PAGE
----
Big change will probably take a holistic view, with senior management support and should drive the business forward to a new level; e.g. focus on CX and new CRM system, addressing new market, rethinking back office operations through Shares Services.
Small, incremental change is critical to maintain continuous improvement, driven at grass roots where the staff see and understand the problems. But it requires a culture of change.
The trick for companies is spotting when small change should be big change. Identifying a better way of correcting invoice errors should probable point to the need for a complete review of the Order to Cash process.
- E Scott Menter
- 2 years ago
BPM brings real sustainability with good supporting software as a new way to implement and measure results of what is needed whether big or small. This is just the start of a new journey where continuous improvement is supported and fear of change can removed as user’s ideas are incorporated into the “digital” solution.
This brings the real opportunity to empower people where top management move from “command and control” to “empowerment and measurement” style of management to transform the business in today’s competitive and ever changing world?
The difference between BPM-enabled business and ad hoc business improvement projects is the
[b]difference between craft-based work and industrialism[/b]. The various "process maturity stages" (e.g. Gartner) capture exactly this. And the benefit to industrialized processes is productivity, by orders of magnitude. BPM technology enables the automation of clerical work, which is to say that humans can accomplish much more work for the expenditure of the same effort. Ad hoc business projects on the other hand are projects where automation has not been implemented. (This statement is not controversial, it's just a tautology.)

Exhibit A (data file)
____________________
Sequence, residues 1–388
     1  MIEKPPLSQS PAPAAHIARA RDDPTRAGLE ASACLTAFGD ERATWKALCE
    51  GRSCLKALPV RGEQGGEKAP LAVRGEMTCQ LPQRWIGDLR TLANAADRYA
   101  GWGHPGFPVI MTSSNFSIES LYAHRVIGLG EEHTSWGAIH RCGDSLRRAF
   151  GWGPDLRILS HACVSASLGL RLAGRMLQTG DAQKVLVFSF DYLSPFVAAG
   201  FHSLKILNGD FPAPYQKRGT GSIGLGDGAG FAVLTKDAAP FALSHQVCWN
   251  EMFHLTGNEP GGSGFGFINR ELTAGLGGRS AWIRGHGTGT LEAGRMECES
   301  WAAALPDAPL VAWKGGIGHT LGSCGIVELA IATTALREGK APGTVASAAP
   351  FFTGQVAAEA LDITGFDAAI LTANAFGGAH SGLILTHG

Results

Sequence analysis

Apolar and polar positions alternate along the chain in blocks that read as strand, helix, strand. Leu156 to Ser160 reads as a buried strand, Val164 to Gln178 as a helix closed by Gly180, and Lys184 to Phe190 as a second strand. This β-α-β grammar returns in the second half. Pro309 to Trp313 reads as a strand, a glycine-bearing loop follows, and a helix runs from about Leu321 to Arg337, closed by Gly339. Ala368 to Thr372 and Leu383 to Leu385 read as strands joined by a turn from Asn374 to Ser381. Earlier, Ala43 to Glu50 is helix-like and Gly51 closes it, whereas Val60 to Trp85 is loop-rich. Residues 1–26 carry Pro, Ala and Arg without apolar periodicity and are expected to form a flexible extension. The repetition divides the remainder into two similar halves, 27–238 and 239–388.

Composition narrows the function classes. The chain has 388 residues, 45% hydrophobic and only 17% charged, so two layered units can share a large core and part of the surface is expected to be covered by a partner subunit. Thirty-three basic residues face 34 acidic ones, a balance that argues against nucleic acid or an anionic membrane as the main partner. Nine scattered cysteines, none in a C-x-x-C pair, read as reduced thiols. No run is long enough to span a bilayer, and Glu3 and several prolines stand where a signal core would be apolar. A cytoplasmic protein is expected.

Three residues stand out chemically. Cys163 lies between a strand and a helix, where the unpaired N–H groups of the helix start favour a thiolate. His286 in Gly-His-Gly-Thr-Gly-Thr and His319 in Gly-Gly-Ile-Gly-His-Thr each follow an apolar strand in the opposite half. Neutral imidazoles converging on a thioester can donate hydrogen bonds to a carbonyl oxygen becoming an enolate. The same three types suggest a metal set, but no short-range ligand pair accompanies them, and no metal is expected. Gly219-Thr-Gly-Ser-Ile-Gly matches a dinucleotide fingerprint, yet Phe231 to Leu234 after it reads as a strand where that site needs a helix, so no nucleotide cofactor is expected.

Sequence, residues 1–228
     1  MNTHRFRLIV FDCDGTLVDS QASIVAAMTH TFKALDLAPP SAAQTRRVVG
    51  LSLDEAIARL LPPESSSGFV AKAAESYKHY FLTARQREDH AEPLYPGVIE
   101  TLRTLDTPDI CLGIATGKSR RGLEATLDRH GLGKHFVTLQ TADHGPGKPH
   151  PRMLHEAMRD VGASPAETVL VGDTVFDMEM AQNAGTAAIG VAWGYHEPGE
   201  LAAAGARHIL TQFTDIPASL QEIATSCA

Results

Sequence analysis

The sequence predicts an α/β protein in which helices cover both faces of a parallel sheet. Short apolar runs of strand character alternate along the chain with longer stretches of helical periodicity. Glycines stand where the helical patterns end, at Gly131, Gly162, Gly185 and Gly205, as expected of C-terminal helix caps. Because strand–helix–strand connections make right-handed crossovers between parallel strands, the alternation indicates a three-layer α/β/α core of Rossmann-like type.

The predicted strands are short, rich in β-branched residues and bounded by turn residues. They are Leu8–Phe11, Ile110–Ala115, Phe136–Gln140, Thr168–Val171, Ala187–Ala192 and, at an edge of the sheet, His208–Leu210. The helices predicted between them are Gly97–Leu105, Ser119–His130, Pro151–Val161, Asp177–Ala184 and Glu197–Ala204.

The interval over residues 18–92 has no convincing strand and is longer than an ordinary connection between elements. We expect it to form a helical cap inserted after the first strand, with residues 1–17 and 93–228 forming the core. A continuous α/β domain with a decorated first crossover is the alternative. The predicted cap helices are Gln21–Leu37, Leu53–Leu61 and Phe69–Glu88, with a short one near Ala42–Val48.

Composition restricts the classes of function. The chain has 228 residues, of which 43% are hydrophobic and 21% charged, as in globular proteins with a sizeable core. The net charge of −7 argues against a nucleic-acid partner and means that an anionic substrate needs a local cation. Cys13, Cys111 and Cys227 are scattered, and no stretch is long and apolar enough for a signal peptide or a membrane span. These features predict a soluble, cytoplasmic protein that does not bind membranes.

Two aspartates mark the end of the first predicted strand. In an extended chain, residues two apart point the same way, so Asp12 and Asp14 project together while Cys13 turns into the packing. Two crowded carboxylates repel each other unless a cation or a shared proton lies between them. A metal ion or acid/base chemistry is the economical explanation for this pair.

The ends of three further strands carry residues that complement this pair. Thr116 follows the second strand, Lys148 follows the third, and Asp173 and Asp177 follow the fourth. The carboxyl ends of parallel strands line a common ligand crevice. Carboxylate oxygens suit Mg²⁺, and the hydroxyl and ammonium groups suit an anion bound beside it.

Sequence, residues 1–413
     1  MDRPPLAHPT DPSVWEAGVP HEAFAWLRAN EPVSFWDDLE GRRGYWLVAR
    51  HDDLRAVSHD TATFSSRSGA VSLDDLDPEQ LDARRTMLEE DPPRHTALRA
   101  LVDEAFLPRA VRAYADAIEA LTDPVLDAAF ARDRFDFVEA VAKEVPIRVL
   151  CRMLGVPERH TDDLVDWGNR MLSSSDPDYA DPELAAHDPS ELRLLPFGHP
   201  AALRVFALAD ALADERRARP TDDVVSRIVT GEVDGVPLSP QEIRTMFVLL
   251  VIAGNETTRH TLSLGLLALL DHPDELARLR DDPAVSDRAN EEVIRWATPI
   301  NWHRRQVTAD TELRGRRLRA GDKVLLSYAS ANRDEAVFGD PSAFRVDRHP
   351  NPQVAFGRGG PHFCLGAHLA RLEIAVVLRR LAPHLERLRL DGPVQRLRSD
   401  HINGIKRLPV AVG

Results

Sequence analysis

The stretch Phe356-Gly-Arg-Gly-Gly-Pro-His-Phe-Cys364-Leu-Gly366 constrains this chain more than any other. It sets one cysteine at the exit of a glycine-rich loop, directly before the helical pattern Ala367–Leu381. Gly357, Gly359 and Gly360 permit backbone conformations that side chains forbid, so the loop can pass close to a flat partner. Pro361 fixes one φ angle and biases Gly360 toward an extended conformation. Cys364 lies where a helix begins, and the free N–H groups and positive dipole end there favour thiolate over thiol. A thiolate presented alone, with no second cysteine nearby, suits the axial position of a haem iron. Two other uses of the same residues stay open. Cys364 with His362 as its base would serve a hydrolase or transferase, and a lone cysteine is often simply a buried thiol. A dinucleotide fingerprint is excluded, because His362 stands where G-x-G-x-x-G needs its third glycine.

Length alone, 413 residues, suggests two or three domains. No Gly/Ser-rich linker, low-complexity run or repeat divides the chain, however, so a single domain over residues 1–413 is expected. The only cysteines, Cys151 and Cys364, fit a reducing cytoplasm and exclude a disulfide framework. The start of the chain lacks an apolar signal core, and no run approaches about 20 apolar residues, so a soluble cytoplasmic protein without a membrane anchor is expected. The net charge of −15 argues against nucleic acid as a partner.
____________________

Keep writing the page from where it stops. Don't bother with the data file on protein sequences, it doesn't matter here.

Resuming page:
For example, a major life and annuity insurance provider may have 1,000 or more insurance products on offer. The IT department in such an organization is likely to see itself as in the "manufacturing business" (in fact my example is based on the self-description of more than one insurance industry IT executive). And the challenge is when new market opportunities arise, or new regulations impact what can be sold, how fast can a new product be brought to market? And can our brokers be selling the new product months before the competition? Old products may be retired, and new products are constantly being introduced. So it's industrialized insurance software manufacturing. And the full potential is only possible with RAD and BPM tools.
It's worth noting the
[b]economics[/b]behind the "industrialism". Business operations are necessarily about repetition, because if everything is unique, then transactions costs are too high (Ronald Coase wrote about this in 1937, but you can go back to Adam Smith and forward as well). And if you have a new opportunity to do something substantially different, then that function will be spun off as a separate unit or if non-core, as BPO.
What about the question of ad hoc and case management and the need to distinguish one's self in the market place? Because
[b] industrialism can only lead to commodification[/b].
This is the eternal question for management. It's probably worth distinguishing between
[b]BPM-as-technology-and-management-science[/b]on one hand and
[b]ad-hoc-tactical-improvements [/b]on the other. They can be seen as apples and oranges. If ad hoc is all you do, then you'll be put out of business when your competition figures out how to automate. But not everything can be automated right away.
What do we learn from this question though? That isn't parenthood-and-apple-pie? My answer is "that we should double-down on BPM", because there's so much automation that hasn't been done yet. The whole BPO industry is a case in point. And it's not for nothing that BPM is the BPO industry's favourite technology and that Ronald Coase is the BPO industry's favourite economist.
Now, 40 years later, I pass on similar advice to my team, in my newly acquired soft Californian-English, "Dudes," I say, "like don't do, just automate, totally." And then I roller-blade to Starbuck's for a decaf, non-fat, no-foam latte.
Continuous business improvement is essential and it is the responsibility of everyone to optimize what they are doing and how they are doing it. Automation is something everyone should be able to do for any of their tasks. Improvements should be reviewed and shared and will accumulate into measurable benefits for the user community. This micro level, grass roots, improvements must be in the context of a macro level, corporate strategy and direction, process plan. The tools we use for both micro level user empowerment and macro level executive guidance has to support both ends of the user spectrum in terms of ease of use and accessibility.